Holly McClure, the protagonist of Spellbinder: A Love Story with Magical Interruptions, is beautiful, classy, a happily successful author of historical novels, and a practicing witch. In addition to her writing talents, however, she also possesses a unique physical characteristic that makes her extremely valuable to the local witch's coven, of which she is a member. Holly is a Spellbinder, which means that a single drop of her blood is enough to magnify the potency and effects of a magical spell. Among the other members of her coven is Elias Sutton Bradshaw, head of the group and a U.S. district judge in civilian life. Through Elias's clerk and girlfriend, Susannah, Holly meets Evan Lachlan, a brawny and masculine U.S. marshal. Holly and Evan begin a romance, haunted somewhat by Evan's fight against alcoholism. However, their lives are greatly complicated by the presence of a group of black-magic practitioners, presided over by mentally deranged bookstore-owner and Satanist Noel. When Noel and his group murder the son of a prominent evangelist during a black mass, Holly, Evan, and Holly's coven are drawn into a deadly struggle to overcome Noel and his black magicians before more carnage occurs and a clash between magical and mundane world. The novel showcases Rawn's "talent for character building, her acute eye for the minutiae of daily life, and her storytell- ing excellence," commented Library Journal reviewer Jackie Cassada. "This cauldron bubbles over with spells, rituals, sex and even a vampire or two," remarked a Publishers Weekly critic.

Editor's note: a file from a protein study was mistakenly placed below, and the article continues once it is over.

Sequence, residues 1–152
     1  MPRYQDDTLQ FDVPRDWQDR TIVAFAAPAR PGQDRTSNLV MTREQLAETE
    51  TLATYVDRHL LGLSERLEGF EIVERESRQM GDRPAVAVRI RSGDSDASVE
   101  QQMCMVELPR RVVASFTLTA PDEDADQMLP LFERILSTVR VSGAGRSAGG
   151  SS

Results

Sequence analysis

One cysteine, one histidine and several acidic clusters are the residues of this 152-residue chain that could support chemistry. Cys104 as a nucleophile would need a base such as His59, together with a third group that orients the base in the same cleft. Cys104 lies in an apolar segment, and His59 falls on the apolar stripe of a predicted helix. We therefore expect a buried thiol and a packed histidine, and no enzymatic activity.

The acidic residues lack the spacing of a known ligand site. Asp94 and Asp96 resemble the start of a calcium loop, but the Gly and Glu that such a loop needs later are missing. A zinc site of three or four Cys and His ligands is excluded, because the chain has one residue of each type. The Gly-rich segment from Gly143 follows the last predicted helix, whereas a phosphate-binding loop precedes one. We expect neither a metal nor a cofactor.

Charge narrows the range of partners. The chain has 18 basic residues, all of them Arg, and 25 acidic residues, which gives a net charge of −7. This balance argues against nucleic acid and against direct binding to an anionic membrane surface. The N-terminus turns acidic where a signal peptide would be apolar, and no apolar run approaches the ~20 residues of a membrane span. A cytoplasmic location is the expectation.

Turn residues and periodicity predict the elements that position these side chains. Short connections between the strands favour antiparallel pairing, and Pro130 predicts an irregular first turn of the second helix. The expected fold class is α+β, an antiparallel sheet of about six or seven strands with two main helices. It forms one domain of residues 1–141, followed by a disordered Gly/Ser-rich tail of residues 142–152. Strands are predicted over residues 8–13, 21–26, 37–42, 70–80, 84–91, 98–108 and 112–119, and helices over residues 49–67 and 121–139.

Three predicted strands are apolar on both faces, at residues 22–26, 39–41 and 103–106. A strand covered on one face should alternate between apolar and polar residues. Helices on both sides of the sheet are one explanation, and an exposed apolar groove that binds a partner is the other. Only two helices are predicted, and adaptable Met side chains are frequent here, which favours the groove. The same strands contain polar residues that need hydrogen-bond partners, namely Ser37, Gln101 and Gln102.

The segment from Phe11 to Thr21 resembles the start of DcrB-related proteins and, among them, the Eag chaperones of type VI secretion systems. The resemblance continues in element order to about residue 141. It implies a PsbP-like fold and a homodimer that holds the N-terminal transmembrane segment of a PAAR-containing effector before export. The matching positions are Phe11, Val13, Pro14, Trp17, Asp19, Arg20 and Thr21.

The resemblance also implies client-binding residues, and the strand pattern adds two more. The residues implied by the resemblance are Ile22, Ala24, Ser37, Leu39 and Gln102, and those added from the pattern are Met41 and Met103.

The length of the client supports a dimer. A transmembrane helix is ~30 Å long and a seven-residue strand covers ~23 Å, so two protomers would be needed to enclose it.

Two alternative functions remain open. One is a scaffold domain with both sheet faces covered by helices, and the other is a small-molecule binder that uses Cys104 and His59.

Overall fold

BIOGRAPHICAL AND CRITICAL SOURCES:
Reginald, Robert, Science Fiction and Fantasy Literature, 1975-1991, Thomson Gale (Detroit, MI), 1992, p. 797.
Booklist, March 15, 1992, Sally Estes, review of The Dragon Token, p. 1344; February 15, 1993, Sally Estes, review of Skybowl, p. 1041; September 1, 1996, Roland Green, review of The Golden Key, p. 69.
Kirkus Reviews, December 15, 1992, review of Skybowl, p. 1542; September 1, 2006, review of Spellbinder: A Love Story with Magical Interruptions, p. 882.